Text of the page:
By Geri Blackburn
In this new take on the British crime classic, Kenneth Branagh directs and stars as arguably Agatha Christie’s most popular creation, the famous yet peculiar Belgian detective Hercule Poirot. The combination of this well-known story, as well as its all-star cast, such as Dame Judi Dench, Johnny Depp and Star Wars’ Daisy Ridley, has allowed Murder on the Orient Express to become one of the most anticipated new releases of the year. Unfortunately, it doesn’t quite live up to expectations.
In the latest film adaptation of the 1932 novel, Branagh introduces us to the bizarre but brilliant Poirot, whose quick wit and quick mind are shown to the audience in his rather comical opening monologue, in which he solves a jewel theft by the Wall of Jerusalem. After this, we are taken to the critical setting of the film – the train ride from Istanbul to Paris. While the train is stuck at a standstill in a snowstorm, it is revealed that Depp’s character, American gangster Edward Ratchett, has been murdered. Plunged into a web of suspicion, the twelve first class passengers are all classified as suspects, and detective Poirot is tasked with solving the crime.
For a film with such a strong and humorous opening, the later action of Branagh’s newest directorial effort is disappointing to say the least. Rather than portraying Poirot as a sleuth extraordinaire, Branagh introduces the audience to unnecessary bouts of emotional fits from the detective, giving Branagh, who cast himself as Poirot, the opportunity to showcase his own emotive ability, rather than the character’s impressive and (significantly more interesting) detective skills.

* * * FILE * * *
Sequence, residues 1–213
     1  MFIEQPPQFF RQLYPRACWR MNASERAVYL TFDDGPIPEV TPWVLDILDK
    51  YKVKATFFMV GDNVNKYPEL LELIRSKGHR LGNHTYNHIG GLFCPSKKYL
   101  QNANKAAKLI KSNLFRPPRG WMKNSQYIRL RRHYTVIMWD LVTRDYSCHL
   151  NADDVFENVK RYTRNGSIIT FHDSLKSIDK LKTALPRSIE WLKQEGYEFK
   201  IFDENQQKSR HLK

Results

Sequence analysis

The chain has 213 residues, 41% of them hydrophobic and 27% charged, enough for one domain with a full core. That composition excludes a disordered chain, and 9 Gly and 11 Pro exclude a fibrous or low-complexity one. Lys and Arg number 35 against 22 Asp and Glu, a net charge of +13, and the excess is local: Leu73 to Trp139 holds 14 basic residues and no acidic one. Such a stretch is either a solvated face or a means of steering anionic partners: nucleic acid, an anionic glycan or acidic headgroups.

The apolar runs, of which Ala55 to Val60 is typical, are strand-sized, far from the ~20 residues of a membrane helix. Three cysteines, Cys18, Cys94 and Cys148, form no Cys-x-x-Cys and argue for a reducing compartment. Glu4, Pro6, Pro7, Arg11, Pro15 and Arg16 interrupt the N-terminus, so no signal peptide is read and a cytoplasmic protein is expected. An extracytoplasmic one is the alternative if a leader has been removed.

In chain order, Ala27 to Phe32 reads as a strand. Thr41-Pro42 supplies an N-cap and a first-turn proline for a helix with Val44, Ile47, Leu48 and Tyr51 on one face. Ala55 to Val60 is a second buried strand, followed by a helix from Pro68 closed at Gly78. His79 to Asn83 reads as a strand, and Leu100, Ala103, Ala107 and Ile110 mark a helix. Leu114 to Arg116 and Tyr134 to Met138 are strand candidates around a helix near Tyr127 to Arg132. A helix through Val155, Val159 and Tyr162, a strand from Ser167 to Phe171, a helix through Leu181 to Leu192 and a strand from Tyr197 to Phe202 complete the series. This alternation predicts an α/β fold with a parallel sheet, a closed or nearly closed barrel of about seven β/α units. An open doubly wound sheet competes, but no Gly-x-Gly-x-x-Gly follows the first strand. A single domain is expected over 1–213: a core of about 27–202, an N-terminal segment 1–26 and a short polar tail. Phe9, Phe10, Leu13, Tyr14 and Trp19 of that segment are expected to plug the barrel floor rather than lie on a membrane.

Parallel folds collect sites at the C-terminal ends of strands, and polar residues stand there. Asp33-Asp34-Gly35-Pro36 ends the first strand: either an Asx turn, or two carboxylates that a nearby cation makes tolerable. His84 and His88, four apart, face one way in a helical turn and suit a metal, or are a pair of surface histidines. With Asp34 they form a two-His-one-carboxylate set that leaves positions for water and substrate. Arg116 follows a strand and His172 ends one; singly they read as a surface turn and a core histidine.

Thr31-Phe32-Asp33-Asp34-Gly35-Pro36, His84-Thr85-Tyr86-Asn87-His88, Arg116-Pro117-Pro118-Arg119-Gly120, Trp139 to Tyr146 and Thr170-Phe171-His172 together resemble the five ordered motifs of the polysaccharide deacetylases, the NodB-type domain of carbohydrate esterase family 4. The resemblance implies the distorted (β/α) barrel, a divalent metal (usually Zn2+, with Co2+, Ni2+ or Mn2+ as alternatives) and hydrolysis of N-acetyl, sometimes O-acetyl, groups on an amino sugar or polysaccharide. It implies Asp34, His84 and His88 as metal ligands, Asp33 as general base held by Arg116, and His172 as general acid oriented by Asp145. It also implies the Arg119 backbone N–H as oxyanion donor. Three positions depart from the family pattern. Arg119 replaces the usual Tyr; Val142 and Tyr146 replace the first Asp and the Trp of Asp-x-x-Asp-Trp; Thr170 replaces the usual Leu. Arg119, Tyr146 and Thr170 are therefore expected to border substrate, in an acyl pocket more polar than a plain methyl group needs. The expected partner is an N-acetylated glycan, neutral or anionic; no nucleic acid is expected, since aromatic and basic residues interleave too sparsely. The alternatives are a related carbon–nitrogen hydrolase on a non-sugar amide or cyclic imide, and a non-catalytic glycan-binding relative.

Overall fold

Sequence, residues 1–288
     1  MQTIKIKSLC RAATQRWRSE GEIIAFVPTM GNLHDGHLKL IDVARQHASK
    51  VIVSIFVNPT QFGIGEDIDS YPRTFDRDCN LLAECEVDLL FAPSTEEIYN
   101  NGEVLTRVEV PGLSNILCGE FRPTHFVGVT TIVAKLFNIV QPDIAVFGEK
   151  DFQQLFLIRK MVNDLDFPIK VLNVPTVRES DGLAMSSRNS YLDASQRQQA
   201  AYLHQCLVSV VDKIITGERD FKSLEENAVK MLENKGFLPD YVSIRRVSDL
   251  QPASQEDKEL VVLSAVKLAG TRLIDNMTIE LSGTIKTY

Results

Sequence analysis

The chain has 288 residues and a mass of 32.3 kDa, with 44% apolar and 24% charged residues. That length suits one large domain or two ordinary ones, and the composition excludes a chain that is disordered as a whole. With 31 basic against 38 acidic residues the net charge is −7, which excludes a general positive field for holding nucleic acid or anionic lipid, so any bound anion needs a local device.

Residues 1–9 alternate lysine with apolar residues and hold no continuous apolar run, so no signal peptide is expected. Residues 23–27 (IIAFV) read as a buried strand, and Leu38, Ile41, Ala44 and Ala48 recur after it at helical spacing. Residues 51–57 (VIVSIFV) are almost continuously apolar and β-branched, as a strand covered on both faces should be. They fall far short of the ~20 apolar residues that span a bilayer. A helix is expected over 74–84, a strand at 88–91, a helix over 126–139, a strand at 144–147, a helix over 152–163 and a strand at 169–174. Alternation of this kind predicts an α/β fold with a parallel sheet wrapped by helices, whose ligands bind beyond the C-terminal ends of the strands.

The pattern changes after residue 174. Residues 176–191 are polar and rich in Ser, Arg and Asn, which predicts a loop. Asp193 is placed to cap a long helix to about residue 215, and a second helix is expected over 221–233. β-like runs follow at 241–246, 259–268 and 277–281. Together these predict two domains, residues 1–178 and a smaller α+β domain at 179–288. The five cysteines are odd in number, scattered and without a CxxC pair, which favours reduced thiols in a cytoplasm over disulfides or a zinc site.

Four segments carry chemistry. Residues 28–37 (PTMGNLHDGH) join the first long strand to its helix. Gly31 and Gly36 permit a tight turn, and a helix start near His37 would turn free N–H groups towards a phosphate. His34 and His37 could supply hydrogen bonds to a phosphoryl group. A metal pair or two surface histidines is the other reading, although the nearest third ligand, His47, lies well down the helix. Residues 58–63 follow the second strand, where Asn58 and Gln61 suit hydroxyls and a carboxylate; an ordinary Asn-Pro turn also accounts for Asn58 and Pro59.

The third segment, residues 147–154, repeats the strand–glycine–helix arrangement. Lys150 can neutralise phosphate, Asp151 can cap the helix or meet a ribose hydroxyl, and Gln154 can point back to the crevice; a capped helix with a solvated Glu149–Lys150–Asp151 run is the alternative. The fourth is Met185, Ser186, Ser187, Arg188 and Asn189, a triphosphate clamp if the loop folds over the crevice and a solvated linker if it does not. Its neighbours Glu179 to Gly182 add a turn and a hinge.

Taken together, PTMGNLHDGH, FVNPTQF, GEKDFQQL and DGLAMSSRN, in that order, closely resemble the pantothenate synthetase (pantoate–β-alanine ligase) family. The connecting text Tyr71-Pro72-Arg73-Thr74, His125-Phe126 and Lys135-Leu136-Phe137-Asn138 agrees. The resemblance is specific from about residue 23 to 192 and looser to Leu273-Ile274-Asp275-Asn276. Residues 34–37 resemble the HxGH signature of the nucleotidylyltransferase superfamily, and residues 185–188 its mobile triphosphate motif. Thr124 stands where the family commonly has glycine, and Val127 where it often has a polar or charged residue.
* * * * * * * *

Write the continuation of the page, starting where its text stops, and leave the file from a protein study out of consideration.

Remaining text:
The uncovering of the truth and formation of clues by Poirot feels rushed, as though there is a strict time limit to the film, despite its fairly long 1h 54m running time. Poirot formulates theories about each individual character as if out of thin air, making it extremely difficult for those unfamiliar with the original story to follow. The uncovering of each truth is so quick and hurried that it is easy for audiences to forget the significance of each character, making the end reveal underwhelming and forgetful.
To give Branagh some credit, he has done a wonderful job in recruiting a cast to remember. The actors, such as Michelle Pfeiffer, Willem Dafoe, Penelope Cruz and Olivia Colman, play their roles fairly well, however, not a single member of the star-studded cast seems to stand out. It would seem as if Branagh’s determination to increase Poirot’s own emotional depth, as well as dramatise the film in a ‘Hollywood-esque’ way, has stopped its actors exploring the full range of their talents, making the overall cast somewhat disappointing.
All in all, Murder on the Orient Express isn’t awful, but it would be a vast lie to say it lives up to Christie’s novel. Its fantastic cast, combined with Christie’s classic tale and Branagh’s skill as a director, seems like a stellar combination and makes the hype surrounding the film completely understandable. However, Branagh’s eager ambition to further dramatise the story, as well as raise his own ego as the story’s protagonist, has created an average tale which falls short of the film’s extraordinary potential.
Overall rating: 2.5/5
Image from Flickr